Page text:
Why do new year's resolutions fail?
Do you know those people who make "to do lists" at the beginning of the year and then fail almost everything?
It's always the same song but ... it doesn't have to be that way!
I leave you with some ideas today why our resolutions are unsuccessful over the 365 days following our year-end list. Despite the good intentions that run through our veins, by the end of 3 months, our "to do list" has already slipped.
Why? How to do in different way?
After reading this text, you may want to rephrase your list for 2020!
Why do resolutions fail? Some ideias:
1. Motivation and willpower are not enough.
2. The goal is beyond our control.
3. Planning is poorly defined.
4. Your mindset is too critical.
Let's briefly look at each of the obstacles and, of course, find solutions.
Photo: stolper-herz by Tumblr
Motivation and willpower are not enough
People do not have equal motivation and willpower for everything in life. It does not depend on how many times you say "I want" or "I will" or "I want". Sometimes there are biological and psychological reasons that prevent us from feeling the strength and power to achieve what we set for ourselves. Just the fatigue and stress of a month's work can ruin our list.
Both motivation and willpower are limited energies that can disappear due to factors inside and outside of us: negative life events produce negative results in our mind and body. Our global response to everything that tires us can lead to a break of intentions.
Therefore, the most immediate biological and psychological response is a decrease in motivation and willpower: Because our resources are limited, our brain "orders" us to stop wasting energy and return to the initial state. Goodbye resolution!
A good solution: better organize your life (inner mind and outer mind) so you can keep your willpower and motivation high.
A bad solution: spend all your resources to exhaustion.
The goal is out of our control
Setting goals that are under our control means that we can really accomplish what we set out to do.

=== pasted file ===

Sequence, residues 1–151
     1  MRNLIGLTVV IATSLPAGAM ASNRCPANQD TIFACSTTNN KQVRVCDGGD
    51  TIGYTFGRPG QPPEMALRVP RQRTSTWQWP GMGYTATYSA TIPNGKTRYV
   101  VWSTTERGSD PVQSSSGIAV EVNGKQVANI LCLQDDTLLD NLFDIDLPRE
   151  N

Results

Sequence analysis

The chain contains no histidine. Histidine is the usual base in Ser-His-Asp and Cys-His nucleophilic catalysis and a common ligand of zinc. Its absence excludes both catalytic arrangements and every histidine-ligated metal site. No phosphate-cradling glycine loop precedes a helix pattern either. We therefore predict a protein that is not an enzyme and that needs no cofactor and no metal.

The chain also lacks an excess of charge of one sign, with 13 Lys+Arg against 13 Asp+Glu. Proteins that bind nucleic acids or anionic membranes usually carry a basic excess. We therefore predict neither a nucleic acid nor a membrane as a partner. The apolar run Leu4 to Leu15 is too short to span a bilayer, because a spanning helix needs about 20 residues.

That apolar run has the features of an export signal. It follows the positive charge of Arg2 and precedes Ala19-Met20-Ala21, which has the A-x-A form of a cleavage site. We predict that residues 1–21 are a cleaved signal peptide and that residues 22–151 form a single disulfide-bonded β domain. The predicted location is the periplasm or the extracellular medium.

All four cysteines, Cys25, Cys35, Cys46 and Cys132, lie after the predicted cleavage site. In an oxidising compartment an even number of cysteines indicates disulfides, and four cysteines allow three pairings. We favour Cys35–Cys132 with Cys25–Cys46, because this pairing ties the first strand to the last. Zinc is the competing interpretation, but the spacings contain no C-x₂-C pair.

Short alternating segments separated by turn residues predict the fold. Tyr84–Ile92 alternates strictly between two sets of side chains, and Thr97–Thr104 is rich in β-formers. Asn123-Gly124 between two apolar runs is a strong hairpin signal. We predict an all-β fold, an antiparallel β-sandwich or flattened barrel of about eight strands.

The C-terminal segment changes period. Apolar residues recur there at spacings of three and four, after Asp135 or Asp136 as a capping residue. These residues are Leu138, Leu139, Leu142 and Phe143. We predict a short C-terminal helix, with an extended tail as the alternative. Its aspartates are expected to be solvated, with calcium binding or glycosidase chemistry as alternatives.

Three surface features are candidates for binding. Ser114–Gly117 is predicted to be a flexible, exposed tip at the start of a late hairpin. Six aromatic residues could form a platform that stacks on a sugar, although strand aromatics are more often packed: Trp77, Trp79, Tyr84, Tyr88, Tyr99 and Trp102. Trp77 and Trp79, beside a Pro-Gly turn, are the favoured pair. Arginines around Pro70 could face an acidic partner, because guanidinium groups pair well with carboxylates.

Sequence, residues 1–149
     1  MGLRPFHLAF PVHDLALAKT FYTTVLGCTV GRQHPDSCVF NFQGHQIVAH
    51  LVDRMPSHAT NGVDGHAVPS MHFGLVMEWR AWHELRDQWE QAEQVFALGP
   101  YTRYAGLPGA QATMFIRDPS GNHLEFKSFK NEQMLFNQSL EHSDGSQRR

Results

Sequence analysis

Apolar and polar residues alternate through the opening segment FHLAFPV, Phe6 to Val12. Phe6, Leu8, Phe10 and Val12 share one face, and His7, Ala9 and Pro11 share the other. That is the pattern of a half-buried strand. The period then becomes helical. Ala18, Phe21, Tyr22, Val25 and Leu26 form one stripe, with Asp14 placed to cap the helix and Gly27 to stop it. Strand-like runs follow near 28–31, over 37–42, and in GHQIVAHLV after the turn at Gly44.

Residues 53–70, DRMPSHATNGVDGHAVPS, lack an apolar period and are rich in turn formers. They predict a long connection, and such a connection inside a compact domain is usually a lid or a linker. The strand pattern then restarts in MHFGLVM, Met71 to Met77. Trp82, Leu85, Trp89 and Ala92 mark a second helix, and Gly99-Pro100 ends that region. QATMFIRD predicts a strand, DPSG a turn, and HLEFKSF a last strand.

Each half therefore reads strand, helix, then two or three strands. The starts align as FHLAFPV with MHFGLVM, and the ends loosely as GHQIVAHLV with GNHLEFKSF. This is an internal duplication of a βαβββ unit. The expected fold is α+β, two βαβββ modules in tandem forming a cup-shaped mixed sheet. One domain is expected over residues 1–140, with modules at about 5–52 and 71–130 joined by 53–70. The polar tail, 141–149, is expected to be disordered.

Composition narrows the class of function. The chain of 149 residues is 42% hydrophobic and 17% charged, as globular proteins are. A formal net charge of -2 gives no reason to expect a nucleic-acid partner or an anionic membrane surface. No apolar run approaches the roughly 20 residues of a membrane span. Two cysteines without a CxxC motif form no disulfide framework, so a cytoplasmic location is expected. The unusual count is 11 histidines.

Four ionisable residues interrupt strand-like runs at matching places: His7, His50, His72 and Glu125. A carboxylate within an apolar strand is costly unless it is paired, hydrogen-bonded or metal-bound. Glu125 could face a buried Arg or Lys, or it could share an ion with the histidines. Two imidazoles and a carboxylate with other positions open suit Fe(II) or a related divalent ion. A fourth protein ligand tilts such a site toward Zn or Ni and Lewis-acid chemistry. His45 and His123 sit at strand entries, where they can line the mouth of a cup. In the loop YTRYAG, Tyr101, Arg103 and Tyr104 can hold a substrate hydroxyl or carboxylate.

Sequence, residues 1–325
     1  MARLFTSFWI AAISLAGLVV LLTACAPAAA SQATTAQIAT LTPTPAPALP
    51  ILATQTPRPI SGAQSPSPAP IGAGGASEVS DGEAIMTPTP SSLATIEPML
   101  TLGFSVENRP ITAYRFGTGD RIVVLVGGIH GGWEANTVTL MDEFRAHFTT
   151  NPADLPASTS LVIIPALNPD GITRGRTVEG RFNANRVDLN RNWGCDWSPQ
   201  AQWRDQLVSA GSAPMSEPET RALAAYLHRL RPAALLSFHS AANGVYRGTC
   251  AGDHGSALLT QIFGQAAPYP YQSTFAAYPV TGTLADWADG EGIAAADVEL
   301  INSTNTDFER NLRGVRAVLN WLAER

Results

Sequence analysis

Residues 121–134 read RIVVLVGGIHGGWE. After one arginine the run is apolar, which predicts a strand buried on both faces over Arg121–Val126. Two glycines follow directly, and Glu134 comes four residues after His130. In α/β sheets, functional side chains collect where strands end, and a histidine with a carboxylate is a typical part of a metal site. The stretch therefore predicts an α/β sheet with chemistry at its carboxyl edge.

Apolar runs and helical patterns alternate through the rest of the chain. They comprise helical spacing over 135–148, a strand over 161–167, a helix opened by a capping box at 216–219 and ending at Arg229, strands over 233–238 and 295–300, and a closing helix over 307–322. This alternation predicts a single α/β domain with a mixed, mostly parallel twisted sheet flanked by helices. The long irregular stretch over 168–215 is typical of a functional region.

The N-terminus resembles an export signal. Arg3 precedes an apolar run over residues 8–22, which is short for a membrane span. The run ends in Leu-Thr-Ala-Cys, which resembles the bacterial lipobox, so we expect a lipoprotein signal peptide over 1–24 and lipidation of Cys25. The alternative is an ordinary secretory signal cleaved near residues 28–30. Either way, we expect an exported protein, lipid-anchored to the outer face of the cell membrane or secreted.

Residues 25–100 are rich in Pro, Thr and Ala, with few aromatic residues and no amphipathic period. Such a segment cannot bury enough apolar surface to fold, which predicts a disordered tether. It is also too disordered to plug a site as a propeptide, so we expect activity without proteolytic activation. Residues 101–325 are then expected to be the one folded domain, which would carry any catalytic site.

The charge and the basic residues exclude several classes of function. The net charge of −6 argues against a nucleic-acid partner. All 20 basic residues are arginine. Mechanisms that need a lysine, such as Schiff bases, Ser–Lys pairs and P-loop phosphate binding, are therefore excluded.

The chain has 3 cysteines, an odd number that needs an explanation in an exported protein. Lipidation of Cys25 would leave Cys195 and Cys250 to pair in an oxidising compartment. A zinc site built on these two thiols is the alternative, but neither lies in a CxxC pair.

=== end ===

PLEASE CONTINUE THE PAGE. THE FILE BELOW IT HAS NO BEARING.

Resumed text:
It also means the factors that can help us pursue our purposes depend only on us and that there are no external hindering factors. Example: want to lose 20 pounds? Does it seem to you that it just depends on you? Maybe it's not exactly what you think. Do you know if you have thyroid problems? Do you know which diet best responds to your metabolism? Have you ever wondered what weight is appropriate for your age and personal circumstance? Do you exercise?
A good solution: look realistically and practically at the solutions you want to achieve.
A bad solution: ignore the factors that may condition your behavior in pursuit of a goal.
Planning is poorly defined
Defining a resolution, purpose or objective, and therefore not defining a plan to achieve it is like taking a trip without knowing where you are going and how you are going (wherever you are).
First, we need to gain focus: we need to know who we are: Second: we need to understand why we want what we set to ourselves as a resolution and purpose.
Finnaly, let's do some good research on what we want and how we can pool resources. Have you deeply thought about what you need to achieve your goals successfully?
A good solution: write everything you think about planning, such as individual brainstorming. It is important to remember that all change processes also involve changes in habits. Trace your destiny with realism!
A bad solution: don't set the plan and let yourself go in the current.
Your mindset is too critical
For most people, focus of attention is on numbers: how many cigarettes we leave a day, how many pounds we lose in a month, how many customers we gained in a quarter ... and, as we tend to be self-critical, our attention is focused in answering this question: what did we do wrong to not achieve what we set as a goal? And then ... we start to collect self-criticism.
When we focus on a rigid definition of success, we don't give room to ourselves to be creative or to stay motivated when things get complicated or when difficulties arise.
This means: when we approach the situation by looking where we went wrong, we are multiplying our effort.
Of course, we must have a critical view of the problem. Calm criticism, however. Why? Because criticizing ourselves inordinately undermines our willpower and motivation. On the contrary, observing ourselves constructively and peacefully helps us to grow above our comfort level.
A good solution: realize that the brain looks critically at the results achieved. It's normal. Self criticize yourself. Solve it. Set the plan again. Look for alternatives. Turn failures into learning.
A bad solution: when time comes to criticize yourself, don't stay there. Get out of criticism, don't lose more energy than is needed. Frustration and stress can devastate your goals.
If you have New Year's resolutions and they are important, define yourself clearly. Time flies and life goes by. Build your intention and enjoy because living is a destination.
(Photo): browndresswithwhitedots by Tumblr